Let's roooooll

A sea lion wandering the beach at Punta Norte

After the snorkeling expedition, we paid, changed, said goodbye to Diva and, at 6:00pm, got on the colectivo back to Puerto Madryn.  We had been calling the bus services for nearly two straight days with no answer, so we were hoping to be able to buy tickets to Buenos Aires for that same night, once we got there.  That did not happen.  All of the guys at the ticket windows looked at us in disbelief when we asked for a bus that night.  They didn't have to check their computers; they knew there was no way we were getting out of town that night.  In disbelief, we literally asked every different company and they all said the same thing.  Without really grasping our situation, we bought tickets for the 2:00pm bus the next day and found ourselves a hostel for that night.  We both had the blues, thinking that if we were going to be stuck down here for another night, we'd have liked to at least still be in Piramides, instead of stupid Puerto Madryn.  (It's not a bad town, really, we were just bummed and in shock).  At the hostel that night, a drunk guy offered us free dinner and gave us a bottle of Fernet.  We drank, we ate, we finally got on the computer-- since Diva's hostel hadn't had reliable WiFi-- and we went to sleep.  The next day we got on the bus, and twenty hours later arrived back in this beautiful city, where it had to have been nearly eighty degrees.  It felt like a homecoming, which I guess it sort of was.  Though this is obviously not home (I'm noticing more lately the absence of the little comforts of home that I'll go without for six more weeks), it's a home base for the time I'm here.  And I love it.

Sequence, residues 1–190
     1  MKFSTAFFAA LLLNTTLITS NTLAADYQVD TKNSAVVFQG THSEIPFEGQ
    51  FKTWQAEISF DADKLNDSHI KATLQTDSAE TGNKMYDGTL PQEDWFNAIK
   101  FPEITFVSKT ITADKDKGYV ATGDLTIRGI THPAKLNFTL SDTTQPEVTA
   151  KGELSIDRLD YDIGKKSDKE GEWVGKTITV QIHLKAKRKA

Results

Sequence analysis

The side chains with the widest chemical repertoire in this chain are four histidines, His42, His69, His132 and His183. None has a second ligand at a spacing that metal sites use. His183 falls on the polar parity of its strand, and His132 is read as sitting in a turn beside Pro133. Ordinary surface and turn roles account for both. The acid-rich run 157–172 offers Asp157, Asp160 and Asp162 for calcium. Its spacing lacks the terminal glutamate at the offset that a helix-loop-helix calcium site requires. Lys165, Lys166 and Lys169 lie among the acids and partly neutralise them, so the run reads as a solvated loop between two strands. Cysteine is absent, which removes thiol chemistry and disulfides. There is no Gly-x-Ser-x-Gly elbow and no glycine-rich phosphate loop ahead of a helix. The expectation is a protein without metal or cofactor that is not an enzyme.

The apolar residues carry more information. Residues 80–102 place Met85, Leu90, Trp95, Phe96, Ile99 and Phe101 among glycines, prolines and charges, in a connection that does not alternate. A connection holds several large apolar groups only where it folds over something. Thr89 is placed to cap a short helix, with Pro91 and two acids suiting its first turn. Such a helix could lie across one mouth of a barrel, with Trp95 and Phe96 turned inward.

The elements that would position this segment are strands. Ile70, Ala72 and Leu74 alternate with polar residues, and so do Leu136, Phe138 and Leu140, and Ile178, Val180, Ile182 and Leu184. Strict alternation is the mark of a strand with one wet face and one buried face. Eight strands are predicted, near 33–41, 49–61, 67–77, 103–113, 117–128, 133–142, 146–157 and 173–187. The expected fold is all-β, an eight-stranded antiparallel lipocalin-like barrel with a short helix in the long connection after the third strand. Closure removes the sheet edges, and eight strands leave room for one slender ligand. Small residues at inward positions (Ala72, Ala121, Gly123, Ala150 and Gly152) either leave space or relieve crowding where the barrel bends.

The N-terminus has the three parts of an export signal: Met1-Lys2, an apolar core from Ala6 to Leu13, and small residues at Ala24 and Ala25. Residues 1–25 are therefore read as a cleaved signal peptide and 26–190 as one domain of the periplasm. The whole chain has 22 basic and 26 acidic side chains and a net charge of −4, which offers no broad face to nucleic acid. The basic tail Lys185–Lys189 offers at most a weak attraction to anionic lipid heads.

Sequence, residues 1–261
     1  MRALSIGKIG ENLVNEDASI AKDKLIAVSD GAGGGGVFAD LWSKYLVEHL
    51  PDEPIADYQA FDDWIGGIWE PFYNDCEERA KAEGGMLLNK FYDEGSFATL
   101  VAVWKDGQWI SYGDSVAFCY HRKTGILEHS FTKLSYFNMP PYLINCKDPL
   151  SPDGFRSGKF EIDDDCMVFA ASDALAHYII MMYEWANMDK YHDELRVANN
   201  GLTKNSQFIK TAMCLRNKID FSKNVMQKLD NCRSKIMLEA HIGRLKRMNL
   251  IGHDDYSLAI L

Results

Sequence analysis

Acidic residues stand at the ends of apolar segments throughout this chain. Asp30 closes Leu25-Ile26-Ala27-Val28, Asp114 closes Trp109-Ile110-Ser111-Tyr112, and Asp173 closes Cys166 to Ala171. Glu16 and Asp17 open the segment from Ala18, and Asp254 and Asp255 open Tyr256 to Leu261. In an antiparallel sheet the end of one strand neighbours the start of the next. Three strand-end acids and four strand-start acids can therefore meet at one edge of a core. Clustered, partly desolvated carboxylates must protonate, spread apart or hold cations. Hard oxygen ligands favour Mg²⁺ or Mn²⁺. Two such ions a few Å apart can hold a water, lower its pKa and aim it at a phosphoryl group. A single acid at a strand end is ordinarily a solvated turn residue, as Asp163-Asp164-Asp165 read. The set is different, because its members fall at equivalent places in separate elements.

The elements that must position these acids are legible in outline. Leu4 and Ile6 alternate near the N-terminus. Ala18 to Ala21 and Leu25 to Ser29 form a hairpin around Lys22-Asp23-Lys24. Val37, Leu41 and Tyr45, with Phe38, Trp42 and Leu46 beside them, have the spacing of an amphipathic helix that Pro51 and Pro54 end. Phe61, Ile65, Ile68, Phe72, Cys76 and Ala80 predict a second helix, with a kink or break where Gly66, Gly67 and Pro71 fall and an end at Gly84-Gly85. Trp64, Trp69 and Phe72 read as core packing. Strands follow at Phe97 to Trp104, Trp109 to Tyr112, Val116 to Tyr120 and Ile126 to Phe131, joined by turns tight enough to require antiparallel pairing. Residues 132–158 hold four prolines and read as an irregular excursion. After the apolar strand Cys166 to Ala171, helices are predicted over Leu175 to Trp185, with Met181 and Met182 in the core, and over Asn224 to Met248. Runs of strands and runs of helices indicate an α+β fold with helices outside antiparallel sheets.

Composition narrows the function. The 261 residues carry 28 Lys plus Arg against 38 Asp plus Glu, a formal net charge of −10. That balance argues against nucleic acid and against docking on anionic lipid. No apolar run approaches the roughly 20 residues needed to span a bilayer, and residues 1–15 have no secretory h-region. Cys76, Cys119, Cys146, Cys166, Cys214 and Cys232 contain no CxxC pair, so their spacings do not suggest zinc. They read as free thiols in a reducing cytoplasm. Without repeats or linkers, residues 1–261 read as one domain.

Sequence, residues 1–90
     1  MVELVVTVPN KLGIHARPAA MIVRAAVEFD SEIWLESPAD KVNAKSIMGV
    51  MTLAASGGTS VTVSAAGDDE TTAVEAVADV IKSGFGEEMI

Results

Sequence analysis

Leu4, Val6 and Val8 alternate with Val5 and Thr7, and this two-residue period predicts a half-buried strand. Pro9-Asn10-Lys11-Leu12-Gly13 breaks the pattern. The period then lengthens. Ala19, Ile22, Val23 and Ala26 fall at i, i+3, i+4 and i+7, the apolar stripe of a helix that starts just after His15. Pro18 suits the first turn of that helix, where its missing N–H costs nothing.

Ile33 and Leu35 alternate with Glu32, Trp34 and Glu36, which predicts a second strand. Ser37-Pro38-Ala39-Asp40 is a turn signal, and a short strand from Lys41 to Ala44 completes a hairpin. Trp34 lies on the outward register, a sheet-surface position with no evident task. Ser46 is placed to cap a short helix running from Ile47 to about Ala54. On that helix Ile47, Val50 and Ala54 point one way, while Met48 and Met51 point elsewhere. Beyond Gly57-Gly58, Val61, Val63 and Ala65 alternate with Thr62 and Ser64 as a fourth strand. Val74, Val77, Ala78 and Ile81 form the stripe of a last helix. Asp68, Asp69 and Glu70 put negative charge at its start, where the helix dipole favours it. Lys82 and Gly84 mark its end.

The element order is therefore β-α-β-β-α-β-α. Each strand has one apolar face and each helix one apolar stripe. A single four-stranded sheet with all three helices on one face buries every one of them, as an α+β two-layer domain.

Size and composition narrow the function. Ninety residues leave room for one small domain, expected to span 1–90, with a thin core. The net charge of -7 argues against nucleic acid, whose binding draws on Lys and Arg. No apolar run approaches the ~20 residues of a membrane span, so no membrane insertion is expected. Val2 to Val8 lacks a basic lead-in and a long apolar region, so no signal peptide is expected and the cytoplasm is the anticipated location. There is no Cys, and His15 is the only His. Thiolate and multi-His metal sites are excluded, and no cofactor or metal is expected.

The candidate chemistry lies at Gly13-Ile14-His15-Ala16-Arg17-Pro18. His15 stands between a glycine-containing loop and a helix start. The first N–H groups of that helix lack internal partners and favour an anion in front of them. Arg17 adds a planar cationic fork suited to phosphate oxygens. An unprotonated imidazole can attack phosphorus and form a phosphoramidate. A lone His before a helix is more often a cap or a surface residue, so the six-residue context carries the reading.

Here are some things we saw on our land excursions...

The beach in Piramides

A mother elephant seal and her pup

Magellanic penguins

Male elephant seal

The view on the 5km walk to see some sea lions

Punta Norte and the elephant seals

Punta Norte

So, in sum:

  • Days away from Bs As: 5
  • Nights in hostels: 4
  • Nights on buses: 2
  • Hostels stayed in: 2
  • Mind-blowing meals: 3
  • Nights where we got free food and alcohol: 2
  • Nature excursions: 3

This week begins the part of the semester where I actually have to do work.  But next weekend is Mar del Plata, the weekend after is Eric Clapton, and who knows what I'll be up to in the last two weeks of October. I'll be sure to write about it.  Chau!

1 comment:

  1. Oh Sarah... I am rendered speechless. Speechless by your zest for truly living, speechless by your actual adventures, speechless by your absolutely gorgeous, rich and most evocative writing.

    That's a lot of words to say speechless!

    I am ever moved by your journey, thanks for sharing it so generously.

    Fran (in my work google id!)